IRA quits peace talks; Ulster back to brink?
The Irish Republican Army announced Feb. 2 it is withdrawing from the Northern Ireland peace talks and rescinding its disarmament proposal, accusing both London and Dublin of bad faith by blaming the IRA for a $50 million Belfast bank heist in December. "We do not intend to remain quiescent within this unacceptable situation," said a press release signed P. O'Neill, the psuedonym siginifying official IRA positions. "It has tried our patience to the limit." Unionist leader Ian Paisely predictably responded by claiming the IRA never intended to disarm in the first place. Sinn Fein leader Gerry Adams declined to comment, saying he would let the IRA speak for themselves, but Sinn Fein's Martin McGuinness said the raid blame "scuttles disarmament." The US State Department called the IRA's move "un-welcome." This could be the final crisis for the 1998 Good Friday accord, which established a local legislature to share power between Catholics and Protestants. The legislature has been suspended since 2002 because of allegations of IRA activity. (NYT, Feb. 3; BBC, Feb. 3; BBC, Feb. 4; UK Guardian, Feb. 5)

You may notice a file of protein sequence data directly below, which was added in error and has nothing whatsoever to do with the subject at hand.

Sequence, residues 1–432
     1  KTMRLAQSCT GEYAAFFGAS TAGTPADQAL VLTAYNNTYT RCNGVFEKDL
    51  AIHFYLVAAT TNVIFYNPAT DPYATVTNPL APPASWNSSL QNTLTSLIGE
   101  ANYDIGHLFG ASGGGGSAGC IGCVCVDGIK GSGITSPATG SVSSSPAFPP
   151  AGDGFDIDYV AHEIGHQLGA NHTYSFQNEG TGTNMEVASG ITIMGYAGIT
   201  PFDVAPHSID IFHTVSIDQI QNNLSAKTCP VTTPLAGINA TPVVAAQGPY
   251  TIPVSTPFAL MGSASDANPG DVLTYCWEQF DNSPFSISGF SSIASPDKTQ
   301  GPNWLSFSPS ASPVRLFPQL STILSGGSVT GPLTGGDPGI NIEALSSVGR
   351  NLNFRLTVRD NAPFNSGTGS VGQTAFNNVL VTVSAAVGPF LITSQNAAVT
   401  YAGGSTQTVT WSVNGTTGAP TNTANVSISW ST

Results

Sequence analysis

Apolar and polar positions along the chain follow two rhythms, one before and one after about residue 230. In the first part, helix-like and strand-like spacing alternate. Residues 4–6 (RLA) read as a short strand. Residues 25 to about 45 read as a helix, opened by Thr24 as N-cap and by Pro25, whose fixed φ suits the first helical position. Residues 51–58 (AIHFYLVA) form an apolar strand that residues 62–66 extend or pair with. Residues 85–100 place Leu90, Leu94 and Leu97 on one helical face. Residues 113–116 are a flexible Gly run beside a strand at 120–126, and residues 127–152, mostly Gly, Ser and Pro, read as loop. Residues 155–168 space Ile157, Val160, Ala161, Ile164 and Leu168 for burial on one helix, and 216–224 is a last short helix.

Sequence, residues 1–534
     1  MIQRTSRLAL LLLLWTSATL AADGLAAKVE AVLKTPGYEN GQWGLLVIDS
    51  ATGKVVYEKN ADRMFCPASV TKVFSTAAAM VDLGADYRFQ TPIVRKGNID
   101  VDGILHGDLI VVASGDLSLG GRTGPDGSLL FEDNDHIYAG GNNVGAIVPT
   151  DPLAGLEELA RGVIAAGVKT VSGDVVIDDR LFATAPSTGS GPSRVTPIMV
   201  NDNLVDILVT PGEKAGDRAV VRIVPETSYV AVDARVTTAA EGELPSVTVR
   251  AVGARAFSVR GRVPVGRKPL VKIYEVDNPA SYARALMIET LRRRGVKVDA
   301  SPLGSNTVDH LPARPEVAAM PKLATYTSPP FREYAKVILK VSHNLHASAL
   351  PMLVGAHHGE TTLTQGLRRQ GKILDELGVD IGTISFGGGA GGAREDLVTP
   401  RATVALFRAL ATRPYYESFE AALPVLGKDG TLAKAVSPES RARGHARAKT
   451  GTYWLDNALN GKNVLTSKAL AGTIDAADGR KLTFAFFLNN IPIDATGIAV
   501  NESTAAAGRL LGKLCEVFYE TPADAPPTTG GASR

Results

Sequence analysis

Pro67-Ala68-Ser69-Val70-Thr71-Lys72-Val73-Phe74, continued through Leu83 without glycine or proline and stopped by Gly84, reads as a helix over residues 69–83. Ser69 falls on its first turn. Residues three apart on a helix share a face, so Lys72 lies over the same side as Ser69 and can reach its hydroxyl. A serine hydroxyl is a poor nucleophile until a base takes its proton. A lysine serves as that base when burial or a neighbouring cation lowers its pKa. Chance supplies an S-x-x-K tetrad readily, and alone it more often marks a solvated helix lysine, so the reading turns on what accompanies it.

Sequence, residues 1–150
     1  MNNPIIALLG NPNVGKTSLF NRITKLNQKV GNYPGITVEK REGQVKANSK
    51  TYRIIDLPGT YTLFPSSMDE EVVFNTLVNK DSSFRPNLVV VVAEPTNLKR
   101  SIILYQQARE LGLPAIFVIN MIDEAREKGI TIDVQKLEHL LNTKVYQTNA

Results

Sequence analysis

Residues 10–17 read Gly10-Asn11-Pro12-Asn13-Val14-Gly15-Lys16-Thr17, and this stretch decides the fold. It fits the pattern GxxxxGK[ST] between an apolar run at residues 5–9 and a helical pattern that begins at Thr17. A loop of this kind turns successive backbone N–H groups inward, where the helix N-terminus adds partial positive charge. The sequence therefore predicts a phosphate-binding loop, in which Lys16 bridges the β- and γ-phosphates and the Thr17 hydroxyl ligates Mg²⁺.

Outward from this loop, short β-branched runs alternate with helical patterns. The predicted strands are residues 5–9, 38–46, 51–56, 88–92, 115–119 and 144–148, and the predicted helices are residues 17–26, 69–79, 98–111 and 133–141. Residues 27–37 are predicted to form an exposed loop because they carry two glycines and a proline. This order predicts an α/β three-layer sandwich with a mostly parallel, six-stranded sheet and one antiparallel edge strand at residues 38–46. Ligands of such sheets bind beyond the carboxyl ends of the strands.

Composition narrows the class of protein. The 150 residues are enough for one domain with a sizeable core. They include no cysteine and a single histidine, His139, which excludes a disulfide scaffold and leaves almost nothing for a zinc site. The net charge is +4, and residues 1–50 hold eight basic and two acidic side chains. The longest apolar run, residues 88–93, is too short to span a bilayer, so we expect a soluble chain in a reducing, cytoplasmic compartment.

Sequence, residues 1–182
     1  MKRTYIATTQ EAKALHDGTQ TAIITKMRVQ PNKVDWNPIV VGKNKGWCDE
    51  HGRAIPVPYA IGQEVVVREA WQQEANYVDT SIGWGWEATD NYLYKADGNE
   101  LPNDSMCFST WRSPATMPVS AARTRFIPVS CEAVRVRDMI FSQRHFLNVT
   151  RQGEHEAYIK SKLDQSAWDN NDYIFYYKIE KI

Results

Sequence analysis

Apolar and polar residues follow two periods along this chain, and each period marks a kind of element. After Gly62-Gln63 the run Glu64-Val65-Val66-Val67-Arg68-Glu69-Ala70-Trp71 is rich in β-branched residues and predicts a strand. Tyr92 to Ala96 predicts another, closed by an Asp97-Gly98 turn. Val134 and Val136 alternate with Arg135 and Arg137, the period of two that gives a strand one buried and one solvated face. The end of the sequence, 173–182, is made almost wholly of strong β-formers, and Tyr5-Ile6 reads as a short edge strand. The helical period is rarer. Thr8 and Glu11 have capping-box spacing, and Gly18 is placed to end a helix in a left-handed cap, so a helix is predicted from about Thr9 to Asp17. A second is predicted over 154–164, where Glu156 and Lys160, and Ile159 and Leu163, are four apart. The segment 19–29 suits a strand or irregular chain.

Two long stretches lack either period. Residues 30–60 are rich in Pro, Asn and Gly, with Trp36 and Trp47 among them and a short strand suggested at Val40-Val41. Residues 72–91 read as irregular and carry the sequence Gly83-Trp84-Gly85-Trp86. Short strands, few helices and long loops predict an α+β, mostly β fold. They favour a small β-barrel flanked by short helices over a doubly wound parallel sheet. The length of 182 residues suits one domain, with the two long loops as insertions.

So who was behind the bank heist? Renegade IRA elements that the Provisional IRA can disclaim with "plausible deniability"? Or an MI6 "black propaganda" unit--maybe linked to the Unionist armed underground for similar reasons of deniability? Or was it really just apolitical criminals that London is conveniently exploiting?